Custom USB connector (vertical) footprint. Trying to make the board layout understand the SH are common

I’ve made a custom footprint using the native tools in the footprint editor (i.e. shape offset etc) see below.

I would like the layout to understand the 3 SH pads (which are the metal shield) are common. I made the pad names all the same but haven’t figured how to link them together.

Any suggestions would be helpful.

I’m using the KiCad library connector symbol:

Set the pin number to all be the same - in this case, 6.

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Fyi. I’ve tried those vertical connectors and was not at all happy with them. Even a little force causes them to rock and break the connection. You should seriously be looking for something more robust.

Thanks for sharing your experience.

For this “input power board” my plan is to pass the vertical connector through an opening in my housing.
I’ve considered either some hot melt to the case wall or perhaps the ability of the board to rotate slightly.

I don’t know how successful this approach will be but it makes a very small package to allow a standard wall wart to connect to an already built board.

I’m still working on the integrated 5 to 3.3 V section.


What you’ve done looks correct. What do you mean by “link”? What are you trying to accomplish?

In this case, the pin “number” is SH, and he has done that.

I assume we’re talking about vertical Micro B connectors here. I haven’t tried a partially SMT one like the OP is using, but I’ve been very happy with Würth 614105150721, which is fully THT. I’ve found it to be rock-solid in the cases where I’ve used it.

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If you have room and aren’t too cost-sensitive, I love this jack for mounting a USB jack in an enclosure in a professional-looking way. It sounds like you’re more space-constrained, though.

Hot melt adhesion is temporary.
We’ve found vertical connectors to be ok so far, but the connector is only for firmware update in our case.

What you have made is correct.

KiCad has no way to know that the 3 SH pads are connected together in the connector itself.
So you can connect them in the layout with a track or zone, or you can be aware that the three pads are connected outside the board and ignore the non-connected message of the DRC.

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Typically those 3 pads get connections – traces or thermal stubs – while doing layout and some of them may be left unconnected to the net if it can’t be connected easily. It has seen many times that KiCad doesn’t have an easy ready made solution to tell that something can be connected or left unconnected or that some pads are alternatives.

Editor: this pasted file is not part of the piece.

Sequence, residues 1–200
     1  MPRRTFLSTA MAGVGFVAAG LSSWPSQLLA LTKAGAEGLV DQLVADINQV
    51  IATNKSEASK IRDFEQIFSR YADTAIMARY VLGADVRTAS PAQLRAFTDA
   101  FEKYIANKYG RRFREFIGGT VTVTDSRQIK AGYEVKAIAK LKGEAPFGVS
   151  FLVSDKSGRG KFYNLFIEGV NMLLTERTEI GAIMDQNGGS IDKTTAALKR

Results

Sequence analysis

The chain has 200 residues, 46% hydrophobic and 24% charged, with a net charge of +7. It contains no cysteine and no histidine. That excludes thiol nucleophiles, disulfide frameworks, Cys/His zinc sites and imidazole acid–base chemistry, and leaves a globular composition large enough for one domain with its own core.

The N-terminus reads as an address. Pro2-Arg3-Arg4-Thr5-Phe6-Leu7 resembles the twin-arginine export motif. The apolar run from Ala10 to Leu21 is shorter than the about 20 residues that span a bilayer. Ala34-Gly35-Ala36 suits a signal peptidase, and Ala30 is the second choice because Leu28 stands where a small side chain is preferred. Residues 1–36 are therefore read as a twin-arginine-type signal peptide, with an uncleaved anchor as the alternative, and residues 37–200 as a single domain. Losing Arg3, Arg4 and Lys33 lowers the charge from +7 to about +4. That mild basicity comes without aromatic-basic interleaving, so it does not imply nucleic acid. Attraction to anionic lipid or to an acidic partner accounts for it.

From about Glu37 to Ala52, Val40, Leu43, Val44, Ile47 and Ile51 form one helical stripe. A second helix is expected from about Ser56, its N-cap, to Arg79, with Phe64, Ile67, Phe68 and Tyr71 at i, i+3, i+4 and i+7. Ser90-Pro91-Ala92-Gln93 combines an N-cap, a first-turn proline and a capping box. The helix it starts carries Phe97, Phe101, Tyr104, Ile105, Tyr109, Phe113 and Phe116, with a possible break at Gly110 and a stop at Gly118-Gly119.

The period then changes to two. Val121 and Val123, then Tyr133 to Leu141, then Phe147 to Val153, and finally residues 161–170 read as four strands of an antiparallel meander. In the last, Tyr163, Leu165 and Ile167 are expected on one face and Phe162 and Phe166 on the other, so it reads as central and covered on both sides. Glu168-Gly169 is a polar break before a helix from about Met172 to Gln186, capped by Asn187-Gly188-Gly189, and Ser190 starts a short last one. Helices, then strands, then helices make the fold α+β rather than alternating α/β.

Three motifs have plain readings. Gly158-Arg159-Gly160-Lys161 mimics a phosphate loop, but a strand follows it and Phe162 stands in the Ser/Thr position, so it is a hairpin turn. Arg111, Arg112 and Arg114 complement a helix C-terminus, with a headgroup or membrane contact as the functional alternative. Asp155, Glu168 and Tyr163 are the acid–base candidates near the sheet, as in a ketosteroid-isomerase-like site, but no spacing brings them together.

But in this case there’s still one easy solution apart from ignoring the DRC errors and ratsnest lines: when you see in the layout that one pad is left unconnected, open the pad properties and delete the pad “number”. Then it’s not expected to be connected.


Thank you all for your responses.

I ended up doing it the easy way. I laid out the components the way I wanted them. Then went back to the schematic an connected the parts per the layout, using no connects where needed.


This one is a Amphenol, I liked it because:

  1. I could buy them on eBay.
  2. It has 3 “feet”. I’ve beefed up the mounting pads and considering a OSHPark 0.8mm board with 2 oz copper. I believe I will be able to twist the mounting tabs for better mechanical hold. Also I plan on having the connector face flush with the enclosure outside wall. A little silicone between the enclosure wall and the connector should make it robust.

BTW my goal is to have a small, easy to mount connector for input power to be used in my misc projects.


I love the jack you linked to :slight_smile:
The cost is no problem but the size after another usb plug is connected will make the assy too long for use in small enclosures. I may purchase one and see if I can cut it down and solder wires (for just power).

It sounds like you’re more space-constrained, though…

Its funny, I worked in Aerospace and Automotive for many years and have developed an unnatural drive to make my projects small :slight_smile:

THT would definitely be the right answer. There isn’t a easy way keep the connector from rocking.

You are likely right. I see them at Digikey but then I found: eBay breakout but then I’ll have to add another small board for the 5v to 3.3v.

Design decisions are never easy, especially when doing home projects. Too much flexibility and options.

I looked an the jack pin dimensions. It looks like they don’t make it through a normal thickness 1.8mm 1.6 mm board. Have you seen this? Perhaps there is pin length variation.

The datasheet recommends a 1.0mm board. Sometimes I’ve used a 1.0mm board, and then the pins make it through. Other times, I’ve used a 1.6mm board, and the pins are pretty much flush with the board, but I’ve still been able to solder them anyway.

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Hello John,

All you have to do is ensure the pin numbers in the schematic editor and the footprint editor should match. No assignment is required.

In the Footprint editor even though there are three through-holes since they have the same pin number, they will count as a single pin. This is shown in the image below.

The schematic representation for the pins above is given below:

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